CH: It goes beyond net zero. Businesses have optimized all decision-making processes along profit maximization. At the international level, we’re just starting to add climate into the equation. However, other concerns like biodiversity and social inequality are not broadly incorporated into business decisions. If you want to optimize a company’s value contribution to society, you need to consider many more indicators than just net zero. 

Why is that critical? Firstly, as Thilo mentioned, you can’t manage what you can’t measure. Secondly, competition benefits everyone. Once the market has comparable data, it creates a race to be the best. If we have consistent data, companies will improve much more quickly than they do today. 

TB: I agree it goes beyond a net-zero target. VBA helps you to not make mistakes while racing to net zero. You could maximize that target alone and then have many negative ripple effects. The art of future business is to take a holistic approach—economic, social, and environmental. Companies need to find an optimum within all those aspects while reducing CO2 emissions.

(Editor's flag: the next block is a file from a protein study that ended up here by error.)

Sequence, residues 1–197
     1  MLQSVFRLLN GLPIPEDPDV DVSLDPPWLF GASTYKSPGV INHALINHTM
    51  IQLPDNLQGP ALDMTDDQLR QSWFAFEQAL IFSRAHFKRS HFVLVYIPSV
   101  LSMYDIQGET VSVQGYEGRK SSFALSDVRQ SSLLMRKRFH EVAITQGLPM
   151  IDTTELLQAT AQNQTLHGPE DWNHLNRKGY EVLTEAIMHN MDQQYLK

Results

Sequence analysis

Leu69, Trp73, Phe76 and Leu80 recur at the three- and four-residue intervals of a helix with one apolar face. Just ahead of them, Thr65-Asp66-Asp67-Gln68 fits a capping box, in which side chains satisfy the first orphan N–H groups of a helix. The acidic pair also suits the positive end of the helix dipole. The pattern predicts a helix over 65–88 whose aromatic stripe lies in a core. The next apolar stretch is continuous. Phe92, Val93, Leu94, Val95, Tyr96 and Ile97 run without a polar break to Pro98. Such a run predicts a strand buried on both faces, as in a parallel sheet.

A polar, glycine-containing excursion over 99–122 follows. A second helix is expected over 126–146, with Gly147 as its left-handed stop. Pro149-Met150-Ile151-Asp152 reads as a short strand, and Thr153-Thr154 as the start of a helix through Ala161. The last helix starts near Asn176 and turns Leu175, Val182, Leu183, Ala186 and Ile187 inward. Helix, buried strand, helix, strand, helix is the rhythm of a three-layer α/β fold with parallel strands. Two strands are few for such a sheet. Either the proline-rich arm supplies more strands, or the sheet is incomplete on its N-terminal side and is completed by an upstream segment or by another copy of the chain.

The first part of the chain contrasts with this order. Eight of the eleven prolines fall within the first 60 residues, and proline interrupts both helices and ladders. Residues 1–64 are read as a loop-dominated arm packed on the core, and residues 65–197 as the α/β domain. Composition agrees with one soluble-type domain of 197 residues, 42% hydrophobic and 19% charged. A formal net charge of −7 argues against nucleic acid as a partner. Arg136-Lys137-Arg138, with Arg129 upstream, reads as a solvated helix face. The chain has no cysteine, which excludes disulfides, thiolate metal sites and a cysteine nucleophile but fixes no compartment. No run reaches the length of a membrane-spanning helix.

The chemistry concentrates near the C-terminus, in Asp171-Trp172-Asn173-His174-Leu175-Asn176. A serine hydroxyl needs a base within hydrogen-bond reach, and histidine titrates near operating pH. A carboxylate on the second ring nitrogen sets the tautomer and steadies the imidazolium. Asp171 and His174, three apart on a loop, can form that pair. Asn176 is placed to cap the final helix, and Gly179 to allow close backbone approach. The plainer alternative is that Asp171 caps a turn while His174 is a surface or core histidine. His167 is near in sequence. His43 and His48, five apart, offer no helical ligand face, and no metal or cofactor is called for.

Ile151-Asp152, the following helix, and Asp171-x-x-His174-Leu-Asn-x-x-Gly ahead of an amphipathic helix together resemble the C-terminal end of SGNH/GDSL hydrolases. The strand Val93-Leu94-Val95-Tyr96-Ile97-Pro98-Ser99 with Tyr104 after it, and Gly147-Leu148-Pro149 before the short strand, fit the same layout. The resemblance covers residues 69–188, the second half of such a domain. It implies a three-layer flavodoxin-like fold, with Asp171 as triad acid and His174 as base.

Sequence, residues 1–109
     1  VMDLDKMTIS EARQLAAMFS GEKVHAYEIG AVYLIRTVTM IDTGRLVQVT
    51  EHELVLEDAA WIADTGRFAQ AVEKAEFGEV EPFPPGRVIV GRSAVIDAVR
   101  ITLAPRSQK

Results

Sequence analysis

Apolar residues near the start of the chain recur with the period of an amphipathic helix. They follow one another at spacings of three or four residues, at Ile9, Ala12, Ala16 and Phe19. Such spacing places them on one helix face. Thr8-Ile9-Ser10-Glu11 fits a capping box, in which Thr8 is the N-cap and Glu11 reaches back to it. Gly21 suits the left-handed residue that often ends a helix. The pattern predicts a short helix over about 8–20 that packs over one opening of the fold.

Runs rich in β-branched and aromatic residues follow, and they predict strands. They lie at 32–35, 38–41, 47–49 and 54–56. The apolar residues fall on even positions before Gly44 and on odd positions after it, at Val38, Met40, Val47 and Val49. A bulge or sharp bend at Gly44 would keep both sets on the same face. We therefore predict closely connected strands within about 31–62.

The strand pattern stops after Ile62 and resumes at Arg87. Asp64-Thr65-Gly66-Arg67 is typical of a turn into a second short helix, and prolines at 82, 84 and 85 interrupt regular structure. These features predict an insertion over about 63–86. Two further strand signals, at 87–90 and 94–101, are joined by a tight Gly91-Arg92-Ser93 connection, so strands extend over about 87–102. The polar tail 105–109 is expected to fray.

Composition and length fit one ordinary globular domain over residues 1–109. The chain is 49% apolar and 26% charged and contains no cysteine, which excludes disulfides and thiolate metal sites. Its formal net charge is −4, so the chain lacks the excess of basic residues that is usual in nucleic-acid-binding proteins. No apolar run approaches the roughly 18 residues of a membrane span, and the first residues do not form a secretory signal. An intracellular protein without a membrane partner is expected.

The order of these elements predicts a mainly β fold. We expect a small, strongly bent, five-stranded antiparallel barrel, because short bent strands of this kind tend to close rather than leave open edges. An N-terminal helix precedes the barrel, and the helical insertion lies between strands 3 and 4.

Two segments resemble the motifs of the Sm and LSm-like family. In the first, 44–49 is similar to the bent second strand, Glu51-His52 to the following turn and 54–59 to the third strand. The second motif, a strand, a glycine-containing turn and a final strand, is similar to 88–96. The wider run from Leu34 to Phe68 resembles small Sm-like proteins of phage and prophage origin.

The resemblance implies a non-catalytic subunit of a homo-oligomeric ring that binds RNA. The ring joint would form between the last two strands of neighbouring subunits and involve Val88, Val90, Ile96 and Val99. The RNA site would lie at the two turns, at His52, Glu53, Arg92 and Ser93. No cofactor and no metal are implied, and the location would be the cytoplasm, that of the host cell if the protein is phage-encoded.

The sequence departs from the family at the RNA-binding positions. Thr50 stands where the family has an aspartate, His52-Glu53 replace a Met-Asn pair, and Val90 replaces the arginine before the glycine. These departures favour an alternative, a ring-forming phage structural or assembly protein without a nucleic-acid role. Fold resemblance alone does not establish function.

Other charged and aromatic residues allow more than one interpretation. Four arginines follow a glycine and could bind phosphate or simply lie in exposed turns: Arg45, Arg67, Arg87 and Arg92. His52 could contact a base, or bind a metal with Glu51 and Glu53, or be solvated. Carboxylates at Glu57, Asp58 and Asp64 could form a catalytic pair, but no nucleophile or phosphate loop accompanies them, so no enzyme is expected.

How did GLOBE Capital accelerate action? 

CH: VBA is currently working on enabling a fundamental transition of the economy. This can’t be done by one country, one policymaker, or by one alliance. We need to move the whole system. This means beginning with a broad stakeholder engagement that will eventually become collaboration. GLOBE Capital enabled VBA to position itself in the Canadian market and the financial market in particular. The finance sector will be a multiplier and enabler of the transition, allocating capital to certain trends and industries. If we can enable capital allocation to transformational technologies and companies, this is going to be the major step forward. 

TB: VBA will grow as standards are established, which requires broad buy-in. We need to generate public interest. I’m hopeful that Canadian companies will join VBA in order to impact its direction and also to adopt the methodologies, so we can define this language both internationally and within Canada, and ultimately maximize the benefit for society, the environment, and all of us.